To be eligible for licensing, an applicant must complete, inter alia, thirty semester hours of coursework in courses “that provide information relative to communication disorders and information about and training in evaluation and management of speech, *163language and hearing disorders. At least 24 of these 30 semester hours must be in courses in the professional area (speech and language pathology or audiology) for which the license is requested, and no less than six semester hours may be in audiology for the license in speech and language pathology or in speech and language pathology for the license in audiology.” G.S. 90-295(2)(b). Thus, while the General Assembly has provided for a curriculum which provides exposure to both fields, it has required an applicant to have in-depth training and education in the particular field for which an applicant is seeking licensing to practice, consistent with its aim of providing for the “highest possible quality speech and language pathology services to the communicatively handicapped people of this State.” It would thus defeat the legislature’s intent if one licensed in one field only were allowed to practice in the other field as the public would not be receiving the “highest possible quality” services.
A fortiori, it follows that the General Assembly did not intend for one certified by the Department of Public Instruction in speech and language pathology to practice audiology as the hearing impaired child would not be receiving the highest possible quality audiological services. The defendants’ construction of G.S. 90-294(c)(4) contravenes the legislative intent and must be disregarded. The trial court’s construction best follows the legislative intent.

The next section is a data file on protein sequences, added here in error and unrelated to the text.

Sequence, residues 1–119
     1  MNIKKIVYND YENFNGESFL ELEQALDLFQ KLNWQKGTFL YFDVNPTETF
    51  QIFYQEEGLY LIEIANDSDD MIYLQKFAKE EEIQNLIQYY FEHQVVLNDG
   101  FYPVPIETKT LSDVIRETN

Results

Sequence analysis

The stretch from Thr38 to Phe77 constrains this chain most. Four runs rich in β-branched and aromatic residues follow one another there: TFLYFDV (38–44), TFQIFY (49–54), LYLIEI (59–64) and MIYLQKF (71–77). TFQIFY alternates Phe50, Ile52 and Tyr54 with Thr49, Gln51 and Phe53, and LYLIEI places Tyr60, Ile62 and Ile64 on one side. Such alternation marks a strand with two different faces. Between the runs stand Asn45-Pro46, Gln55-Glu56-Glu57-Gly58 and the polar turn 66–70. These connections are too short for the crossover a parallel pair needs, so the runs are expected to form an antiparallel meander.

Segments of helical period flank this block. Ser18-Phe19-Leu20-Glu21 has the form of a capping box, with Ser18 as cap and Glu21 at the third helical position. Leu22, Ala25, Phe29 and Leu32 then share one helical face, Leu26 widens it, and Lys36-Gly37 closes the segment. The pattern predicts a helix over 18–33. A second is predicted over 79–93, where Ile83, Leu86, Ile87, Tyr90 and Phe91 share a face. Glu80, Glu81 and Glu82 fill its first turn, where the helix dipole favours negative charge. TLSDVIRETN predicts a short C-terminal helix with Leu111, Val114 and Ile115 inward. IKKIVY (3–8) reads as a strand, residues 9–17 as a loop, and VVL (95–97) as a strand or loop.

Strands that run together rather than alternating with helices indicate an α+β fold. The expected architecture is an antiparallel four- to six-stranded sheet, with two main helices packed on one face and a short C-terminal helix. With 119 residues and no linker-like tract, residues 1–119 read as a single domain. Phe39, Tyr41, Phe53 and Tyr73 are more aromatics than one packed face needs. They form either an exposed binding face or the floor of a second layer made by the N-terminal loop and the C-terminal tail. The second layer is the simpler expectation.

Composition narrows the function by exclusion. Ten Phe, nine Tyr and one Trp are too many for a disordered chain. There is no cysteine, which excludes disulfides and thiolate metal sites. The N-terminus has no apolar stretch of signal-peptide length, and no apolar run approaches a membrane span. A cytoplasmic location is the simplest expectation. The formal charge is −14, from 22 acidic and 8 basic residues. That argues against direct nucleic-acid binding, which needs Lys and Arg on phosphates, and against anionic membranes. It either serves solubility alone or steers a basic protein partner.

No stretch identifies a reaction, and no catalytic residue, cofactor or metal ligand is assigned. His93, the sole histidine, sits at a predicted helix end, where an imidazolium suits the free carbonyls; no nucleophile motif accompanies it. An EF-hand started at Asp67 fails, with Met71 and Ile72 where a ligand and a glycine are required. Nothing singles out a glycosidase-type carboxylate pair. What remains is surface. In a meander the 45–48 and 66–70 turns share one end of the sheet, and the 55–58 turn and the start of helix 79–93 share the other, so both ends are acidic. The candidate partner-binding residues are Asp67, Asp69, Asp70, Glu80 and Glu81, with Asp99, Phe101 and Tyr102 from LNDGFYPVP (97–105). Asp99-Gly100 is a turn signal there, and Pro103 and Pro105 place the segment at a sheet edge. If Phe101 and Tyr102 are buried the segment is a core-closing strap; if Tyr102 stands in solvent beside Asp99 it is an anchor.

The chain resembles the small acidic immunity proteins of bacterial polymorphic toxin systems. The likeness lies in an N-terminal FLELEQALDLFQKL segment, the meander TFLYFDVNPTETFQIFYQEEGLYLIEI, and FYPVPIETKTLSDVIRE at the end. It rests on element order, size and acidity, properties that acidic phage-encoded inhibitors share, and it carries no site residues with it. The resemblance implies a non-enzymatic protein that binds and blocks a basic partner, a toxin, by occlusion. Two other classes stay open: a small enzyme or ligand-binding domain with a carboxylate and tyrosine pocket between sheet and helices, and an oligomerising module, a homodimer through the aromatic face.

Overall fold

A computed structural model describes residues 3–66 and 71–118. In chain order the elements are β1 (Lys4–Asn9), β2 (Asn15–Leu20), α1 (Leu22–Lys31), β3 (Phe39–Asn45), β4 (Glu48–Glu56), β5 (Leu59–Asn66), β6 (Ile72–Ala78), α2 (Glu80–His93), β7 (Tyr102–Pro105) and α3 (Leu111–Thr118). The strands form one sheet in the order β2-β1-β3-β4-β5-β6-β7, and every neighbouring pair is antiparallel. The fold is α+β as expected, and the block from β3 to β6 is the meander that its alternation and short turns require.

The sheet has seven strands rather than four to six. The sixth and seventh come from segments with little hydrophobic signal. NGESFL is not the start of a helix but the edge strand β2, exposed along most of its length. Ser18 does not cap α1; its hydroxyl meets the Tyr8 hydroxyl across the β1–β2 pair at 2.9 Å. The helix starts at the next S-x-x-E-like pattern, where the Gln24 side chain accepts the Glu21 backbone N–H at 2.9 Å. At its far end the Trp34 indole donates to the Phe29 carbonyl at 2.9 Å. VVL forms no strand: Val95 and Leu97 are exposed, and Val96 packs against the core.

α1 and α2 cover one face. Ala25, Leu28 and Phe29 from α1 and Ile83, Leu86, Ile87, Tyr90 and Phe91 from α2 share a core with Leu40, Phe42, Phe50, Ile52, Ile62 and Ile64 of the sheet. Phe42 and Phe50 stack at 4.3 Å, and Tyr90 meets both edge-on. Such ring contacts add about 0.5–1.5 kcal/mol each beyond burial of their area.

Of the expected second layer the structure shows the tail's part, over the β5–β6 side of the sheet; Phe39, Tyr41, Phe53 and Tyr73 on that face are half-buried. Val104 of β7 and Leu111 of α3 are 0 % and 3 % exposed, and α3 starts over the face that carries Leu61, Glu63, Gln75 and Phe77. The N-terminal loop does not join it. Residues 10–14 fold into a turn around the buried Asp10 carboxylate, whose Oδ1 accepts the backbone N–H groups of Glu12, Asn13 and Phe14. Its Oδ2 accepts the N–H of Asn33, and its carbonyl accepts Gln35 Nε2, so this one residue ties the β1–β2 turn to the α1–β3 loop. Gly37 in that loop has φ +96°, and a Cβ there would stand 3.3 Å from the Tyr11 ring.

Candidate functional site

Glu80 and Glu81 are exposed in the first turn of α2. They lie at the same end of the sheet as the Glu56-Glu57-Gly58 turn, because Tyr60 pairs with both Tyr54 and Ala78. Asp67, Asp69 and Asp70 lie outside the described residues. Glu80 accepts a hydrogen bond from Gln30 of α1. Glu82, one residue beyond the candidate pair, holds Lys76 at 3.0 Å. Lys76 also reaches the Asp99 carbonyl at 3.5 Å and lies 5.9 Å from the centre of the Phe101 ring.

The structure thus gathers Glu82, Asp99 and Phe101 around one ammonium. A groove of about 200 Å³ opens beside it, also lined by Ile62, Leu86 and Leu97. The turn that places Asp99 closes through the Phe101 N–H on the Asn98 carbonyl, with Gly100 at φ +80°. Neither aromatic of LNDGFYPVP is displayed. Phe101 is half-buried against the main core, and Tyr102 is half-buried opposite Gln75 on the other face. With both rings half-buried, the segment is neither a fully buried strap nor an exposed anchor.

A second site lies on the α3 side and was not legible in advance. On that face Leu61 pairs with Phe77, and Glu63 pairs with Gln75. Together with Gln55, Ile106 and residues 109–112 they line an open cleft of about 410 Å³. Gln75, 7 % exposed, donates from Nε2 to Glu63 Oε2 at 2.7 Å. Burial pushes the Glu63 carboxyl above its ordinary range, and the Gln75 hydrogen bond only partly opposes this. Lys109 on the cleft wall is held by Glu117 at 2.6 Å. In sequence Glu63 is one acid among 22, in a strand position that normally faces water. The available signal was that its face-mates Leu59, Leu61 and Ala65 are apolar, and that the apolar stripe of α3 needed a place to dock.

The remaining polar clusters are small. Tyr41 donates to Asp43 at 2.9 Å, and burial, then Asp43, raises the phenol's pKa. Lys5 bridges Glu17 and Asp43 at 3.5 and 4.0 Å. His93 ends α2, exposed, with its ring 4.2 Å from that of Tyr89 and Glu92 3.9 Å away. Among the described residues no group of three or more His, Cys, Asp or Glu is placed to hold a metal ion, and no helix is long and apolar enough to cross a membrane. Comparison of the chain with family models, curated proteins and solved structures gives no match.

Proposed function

Alternatively, defendants contend that G.S. 90-294(b) prevents the licensing board from exercising any authority over any person holding any certificate from the State Board of Education and employed by a local board of education. G.S. 90-294(b) provides in pertinent part: “Nothing in this Article, however, shall be considered to prevent a qualified person licensed in this State under any other law from engaging in the profession for which such person is licensed.” G.S. 90-294(b) is not applicable to the present case because it does not come into play unless one is being prevented from engaging in a profession for which one is licensed under another law. Here, if it is assumed arguendo a certificate from the Department of Public Instruction is a license, defendants Malone and Cabe have not been prevented from engaging in the practice of speech and language pathology.
Defendants also contend that summary judgment for plaintiff was improper because there is an issue of fact as to whether de*164fendants Malone and Cabe were engaged in the practice of audiology. Defendants, however, stipulated that they were engaged in the practice of audiology. This contention is without merit.
For the foregoing reasons, we find no error in the trial court’s findings and conclusions. The court’s judgment is
Judges Eagles and Parker concur.